How to Grow Mint Indoors: 3 Easy Methods

mint plant in plastic plant pot

Mint is a very easy plant to grow. It’s one of my favorite plants because it’s such a fragrant herb. The plant continuously produces new leaves, which means I can have a cup of hot mint tea whenever I want to. If you’re asking yourself, “can mint be grown indoors?”, this post is for you. I’ll share methods you can use to grow mint inside your house and simple tips to keep your plant healthy.

Mint Plants – General Info

Scientific name:

Mentha Spicata

Common name:

  • Spearmint

Common Varieties Of The Mint Plant:

There are over 200 varieties of mint. Most of these plants are used for medicinal and culinary purposes. So, if you want to add an element of freshness to your salad, consider adding a few leaves of mint. They also boost the scent of potpourri and make a refreshing cup of mint tea. If you plan on keeping one of the species as an indoor plant, ensure you provide it with enough sun, water, and humidity, and plant them in well-draining soil. Here are other members of the mint family.


Mentha piperita

Peppermint is a natural mix of spearmint and watermint. The fresh leaves tend to have an intense mint taste, so its usually processed into oils or dried to make herbal tea.

Chocolate mint

Mentha piperita

A favorite amongst dessert lovers, this species of mint has notes of cocoa and vanilla. It’s often available in summer and it can be used in drinks that call for hints of cocoa and mint.


Mentha longifolia

Commonly known as Bible or Bush mint, this plant is native to Africa, Europe, and Asia. It has large coarse leaves, hence the name.

Apple/ Pineapple Mint

Mentha suaveolens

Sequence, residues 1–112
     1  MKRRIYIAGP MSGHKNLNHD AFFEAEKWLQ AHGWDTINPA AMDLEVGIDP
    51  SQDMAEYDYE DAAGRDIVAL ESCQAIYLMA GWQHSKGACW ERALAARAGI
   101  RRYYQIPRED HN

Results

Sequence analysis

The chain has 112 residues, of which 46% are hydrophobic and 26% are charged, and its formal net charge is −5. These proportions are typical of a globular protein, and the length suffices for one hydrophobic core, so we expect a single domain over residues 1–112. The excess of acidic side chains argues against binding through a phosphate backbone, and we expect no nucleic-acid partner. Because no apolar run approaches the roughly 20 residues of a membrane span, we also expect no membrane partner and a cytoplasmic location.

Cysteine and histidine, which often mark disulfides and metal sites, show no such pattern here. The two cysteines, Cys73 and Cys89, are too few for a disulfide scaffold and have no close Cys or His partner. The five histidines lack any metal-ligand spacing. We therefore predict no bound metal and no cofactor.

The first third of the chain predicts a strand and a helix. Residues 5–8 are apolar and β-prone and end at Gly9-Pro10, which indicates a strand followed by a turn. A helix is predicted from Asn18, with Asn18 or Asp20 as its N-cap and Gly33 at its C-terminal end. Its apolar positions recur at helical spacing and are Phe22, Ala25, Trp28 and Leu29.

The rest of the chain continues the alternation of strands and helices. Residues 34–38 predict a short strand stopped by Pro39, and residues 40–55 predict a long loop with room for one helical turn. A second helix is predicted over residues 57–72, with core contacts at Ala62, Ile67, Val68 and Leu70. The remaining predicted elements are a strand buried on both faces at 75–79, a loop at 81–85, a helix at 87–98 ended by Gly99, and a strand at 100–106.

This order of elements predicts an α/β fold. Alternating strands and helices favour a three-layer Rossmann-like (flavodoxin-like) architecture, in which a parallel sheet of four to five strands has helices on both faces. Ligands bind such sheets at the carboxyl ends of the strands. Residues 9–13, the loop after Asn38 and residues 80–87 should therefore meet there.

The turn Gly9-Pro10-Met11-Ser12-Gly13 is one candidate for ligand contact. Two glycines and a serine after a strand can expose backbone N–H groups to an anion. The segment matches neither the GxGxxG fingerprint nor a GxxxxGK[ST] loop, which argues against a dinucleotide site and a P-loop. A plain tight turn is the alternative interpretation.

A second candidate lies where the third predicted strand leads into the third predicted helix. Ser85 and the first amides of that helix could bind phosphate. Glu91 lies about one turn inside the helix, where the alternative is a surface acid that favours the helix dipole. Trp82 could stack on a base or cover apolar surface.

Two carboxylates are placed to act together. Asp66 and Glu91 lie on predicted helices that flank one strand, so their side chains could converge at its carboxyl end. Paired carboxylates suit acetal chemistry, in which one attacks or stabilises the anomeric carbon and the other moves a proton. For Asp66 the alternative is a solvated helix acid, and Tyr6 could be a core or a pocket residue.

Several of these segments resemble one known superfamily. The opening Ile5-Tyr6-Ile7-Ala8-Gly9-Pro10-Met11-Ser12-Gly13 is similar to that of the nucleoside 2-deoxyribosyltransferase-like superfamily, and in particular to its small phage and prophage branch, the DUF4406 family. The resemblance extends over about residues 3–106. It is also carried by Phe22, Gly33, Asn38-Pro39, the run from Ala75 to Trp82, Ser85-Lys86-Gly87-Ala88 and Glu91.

Native to southern and western Europe, this plant can be identified by its green, creamy leaves with white margins. During some growing seasons, the entire leaves may turn completely white, creating an aesthetically appealing plant.

Water Mint

Mentha aquatic

As the name suggests, this plant thrives in bodies of water. It’s native to Europe, northwest Africa, and Southeast Asia. It serves as a habitat for animals and controls erosion, and it’s great for attracting bees and butterflies.

Optimal Hardiness Zones

Hardiness Zone 3-9

Best Growing Location

Mint does well in an area with both full sun and partial shade. It’s not a needy plant and does well in winter. You can expect the plant to die off during winter, but it’ll quickly come back in spring. I’ve also had some leaves grow during winter, which was great because I had a constant supply of fresh mint leaves.

Conditions Required to Successfully Grow Mint Inside Your Home

These are the optimum conditions for the best growth. But since Mint is fairly easy to grow, a slight variation in these conditions should be okay.


Ensure you have good draining soil when growing mint. I use a potting mix with added fertilizer, bark, and coco peat because they provide the necessary nutrients the plant needs to thrive. It’s also porous enough for drainage.


Any person growing mint will tell you that mint loves wet feet, which is why it grows well in water. Although the plant does tolerate dry soil, I prefer to keep the soil moist. Adequate moisture has continuously produced vibrant green leaves I know and love from the mint. To water your plant, simply remove the container from its spot, and pour water until it flows from under the pot. Allow the water to drain completely, then put it back in its place.